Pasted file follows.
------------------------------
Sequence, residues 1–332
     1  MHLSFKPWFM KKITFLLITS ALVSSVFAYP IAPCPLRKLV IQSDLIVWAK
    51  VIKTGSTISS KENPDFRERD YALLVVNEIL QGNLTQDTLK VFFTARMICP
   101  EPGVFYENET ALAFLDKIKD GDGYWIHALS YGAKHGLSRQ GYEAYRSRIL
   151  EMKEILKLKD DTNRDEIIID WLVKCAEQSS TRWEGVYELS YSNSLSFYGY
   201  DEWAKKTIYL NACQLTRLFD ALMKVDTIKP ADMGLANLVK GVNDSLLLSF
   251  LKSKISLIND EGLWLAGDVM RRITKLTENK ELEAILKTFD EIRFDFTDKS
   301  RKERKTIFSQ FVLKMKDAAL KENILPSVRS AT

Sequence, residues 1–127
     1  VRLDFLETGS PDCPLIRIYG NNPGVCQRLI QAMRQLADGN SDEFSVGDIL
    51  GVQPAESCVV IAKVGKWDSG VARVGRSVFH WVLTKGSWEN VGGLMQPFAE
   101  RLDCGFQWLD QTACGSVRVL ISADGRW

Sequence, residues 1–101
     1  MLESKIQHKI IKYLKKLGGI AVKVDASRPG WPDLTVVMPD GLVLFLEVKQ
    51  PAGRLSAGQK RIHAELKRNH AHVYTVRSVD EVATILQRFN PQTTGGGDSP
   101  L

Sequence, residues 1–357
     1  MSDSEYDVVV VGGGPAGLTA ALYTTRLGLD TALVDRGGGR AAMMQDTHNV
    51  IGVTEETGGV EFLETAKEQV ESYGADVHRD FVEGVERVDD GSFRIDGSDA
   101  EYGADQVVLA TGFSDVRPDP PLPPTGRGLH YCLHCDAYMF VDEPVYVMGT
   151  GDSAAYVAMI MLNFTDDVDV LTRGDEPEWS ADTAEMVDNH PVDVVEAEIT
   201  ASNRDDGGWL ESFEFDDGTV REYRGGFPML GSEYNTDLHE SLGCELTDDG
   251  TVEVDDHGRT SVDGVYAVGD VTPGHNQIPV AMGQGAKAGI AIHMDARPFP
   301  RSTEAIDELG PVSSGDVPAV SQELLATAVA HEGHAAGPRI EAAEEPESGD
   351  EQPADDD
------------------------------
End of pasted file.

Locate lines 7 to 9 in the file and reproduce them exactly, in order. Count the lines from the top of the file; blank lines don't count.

   251  LKSKISLIND EGLWLAGDVM RRITKLTENK ELEAILKTFD EIRFDFTDKS
   301  RKERKTIFSQ FVLKMKDAAL KENILPSVRS AT

Sequence, residues 1–127